Stop reading my posts and telling my parents. This site is supposed to be confidential. You're a jerk and a jack ass whoever you are. Thanks also for hurting my folks. Good Christian actions. NOT.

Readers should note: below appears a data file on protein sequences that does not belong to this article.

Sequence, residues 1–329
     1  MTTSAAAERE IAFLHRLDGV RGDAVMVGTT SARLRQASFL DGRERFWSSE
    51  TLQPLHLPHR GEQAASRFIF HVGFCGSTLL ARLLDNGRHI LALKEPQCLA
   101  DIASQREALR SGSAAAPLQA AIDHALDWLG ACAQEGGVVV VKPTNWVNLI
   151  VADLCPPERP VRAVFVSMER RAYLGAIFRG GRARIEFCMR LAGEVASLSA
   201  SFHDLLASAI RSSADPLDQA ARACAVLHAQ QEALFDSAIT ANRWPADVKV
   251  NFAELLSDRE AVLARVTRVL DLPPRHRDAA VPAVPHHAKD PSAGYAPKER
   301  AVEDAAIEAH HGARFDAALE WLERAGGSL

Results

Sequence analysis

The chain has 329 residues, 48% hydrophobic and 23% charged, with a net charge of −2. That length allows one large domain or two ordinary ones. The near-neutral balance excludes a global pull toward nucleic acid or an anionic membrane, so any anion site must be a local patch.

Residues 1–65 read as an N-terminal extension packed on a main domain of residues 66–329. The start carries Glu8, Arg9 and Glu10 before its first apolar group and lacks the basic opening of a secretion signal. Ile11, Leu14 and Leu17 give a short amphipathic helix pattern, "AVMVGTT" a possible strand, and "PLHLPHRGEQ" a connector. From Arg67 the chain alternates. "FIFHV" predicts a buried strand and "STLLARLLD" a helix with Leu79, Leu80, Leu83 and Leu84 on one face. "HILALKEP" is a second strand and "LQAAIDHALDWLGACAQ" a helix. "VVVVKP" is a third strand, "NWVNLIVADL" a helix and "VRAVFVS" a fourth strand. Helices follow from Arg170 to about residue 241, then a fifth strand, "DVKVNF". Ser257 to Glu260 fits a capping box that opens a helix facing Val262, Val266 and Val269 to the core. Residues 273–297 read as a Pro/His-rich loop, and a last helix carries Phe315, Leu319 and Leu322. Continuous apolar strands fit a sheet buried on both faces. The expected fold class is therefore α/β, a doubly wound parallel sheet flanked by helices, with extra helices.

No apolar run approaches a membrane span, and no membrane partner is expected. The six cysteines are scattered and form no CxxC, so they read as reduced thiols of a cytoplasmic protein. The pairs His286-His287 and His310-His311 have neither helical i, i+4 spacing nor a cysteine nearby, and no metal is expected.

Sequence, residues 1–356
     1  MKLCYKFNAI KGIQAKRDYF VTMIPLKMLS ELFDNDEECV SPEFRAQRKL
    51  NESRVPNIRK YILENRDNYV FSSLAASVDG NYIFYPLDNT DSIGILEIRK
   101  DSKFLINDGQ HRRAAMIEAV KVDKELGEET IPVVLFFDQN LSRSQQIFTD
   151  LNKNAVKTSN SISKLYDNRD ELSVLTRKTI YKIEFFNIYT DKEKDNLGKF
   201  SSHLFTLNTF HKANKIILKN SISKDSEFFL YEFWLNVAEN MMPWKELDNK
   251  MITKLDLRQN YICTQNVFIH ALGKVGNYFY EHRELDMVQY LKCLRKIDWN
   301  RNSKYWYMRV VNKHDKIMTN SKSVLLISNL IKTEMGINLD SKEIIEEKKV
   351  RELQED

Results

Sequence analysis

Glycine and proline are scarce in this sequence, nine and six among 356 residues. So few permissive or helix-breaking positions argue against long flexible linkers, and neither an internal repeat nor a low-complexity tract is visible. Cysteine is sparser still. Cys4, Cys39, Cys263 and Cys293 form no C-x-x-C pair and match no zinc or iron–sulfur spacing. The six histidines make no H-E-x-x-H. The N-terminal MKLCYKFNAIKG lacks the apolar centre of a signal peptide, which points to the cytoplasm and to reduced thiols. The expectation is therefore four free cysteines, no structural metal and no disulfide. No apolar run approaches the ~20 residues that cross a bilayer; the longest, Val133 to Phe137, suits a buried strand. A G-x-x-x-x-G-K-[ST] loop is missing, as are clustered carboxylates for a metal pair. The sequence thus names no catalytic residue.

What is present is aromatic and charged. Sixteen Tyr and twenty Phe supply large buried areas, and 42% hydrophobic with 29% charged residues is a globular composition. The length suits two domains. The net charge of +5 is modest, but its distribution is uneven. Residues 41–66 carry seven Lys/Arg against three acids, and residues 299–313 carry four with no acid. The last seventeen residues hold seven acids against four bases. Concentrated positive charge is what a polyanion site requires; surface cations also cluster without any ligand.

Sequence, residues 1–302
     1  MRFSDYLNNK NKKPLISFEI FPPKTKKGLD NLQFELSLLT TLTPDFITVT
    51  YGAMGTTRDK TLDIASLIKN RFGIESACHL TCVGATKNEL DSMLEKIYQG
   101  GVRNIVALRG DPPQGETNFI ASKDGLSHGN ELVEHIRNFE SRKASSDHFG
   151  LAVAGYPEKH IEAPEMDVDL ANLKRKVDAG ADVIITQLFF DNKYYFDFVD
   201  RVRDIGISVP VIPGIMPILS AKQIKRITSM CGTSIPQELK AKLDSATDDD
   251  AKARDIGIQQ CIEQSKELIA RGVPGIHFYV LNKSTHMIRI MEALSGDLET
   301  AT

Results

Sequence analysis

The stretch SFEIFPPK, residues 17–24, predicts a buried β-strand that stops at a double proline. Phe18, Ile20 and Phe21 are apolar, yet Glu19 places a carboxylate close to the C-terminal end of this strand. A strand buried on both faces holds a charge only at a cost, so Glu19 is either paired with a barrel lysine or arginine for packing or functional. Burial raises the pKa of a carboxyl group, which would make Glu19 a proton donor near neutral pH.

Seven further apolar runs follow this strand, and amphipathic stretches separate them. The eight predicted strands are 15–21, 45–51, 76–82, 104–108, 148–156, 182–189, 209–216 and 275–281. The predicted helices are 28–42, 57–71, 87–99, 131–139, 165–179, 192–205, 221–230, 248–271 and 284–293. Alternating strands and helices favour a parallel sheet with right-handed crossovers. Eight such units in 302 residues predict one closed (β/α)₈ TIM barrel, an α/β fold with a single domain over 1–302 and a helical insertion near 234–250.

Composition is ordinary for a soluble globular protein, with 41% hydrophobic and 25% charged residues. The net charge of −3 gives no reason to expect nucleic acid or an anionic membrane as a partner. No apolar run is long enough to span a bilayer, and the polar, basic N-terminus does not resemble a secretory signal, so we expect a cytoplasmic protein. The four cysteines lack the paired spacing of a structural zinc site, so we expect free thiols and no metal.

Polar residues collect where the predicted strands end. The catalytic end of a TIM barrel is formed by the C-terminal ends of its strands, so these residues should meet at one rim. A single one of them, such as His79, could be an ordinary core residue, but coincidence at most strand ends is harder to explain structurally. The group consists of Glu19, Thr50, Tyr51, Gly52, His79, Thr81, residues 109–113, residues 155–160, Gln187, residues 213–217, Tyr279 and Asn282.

46. 12 points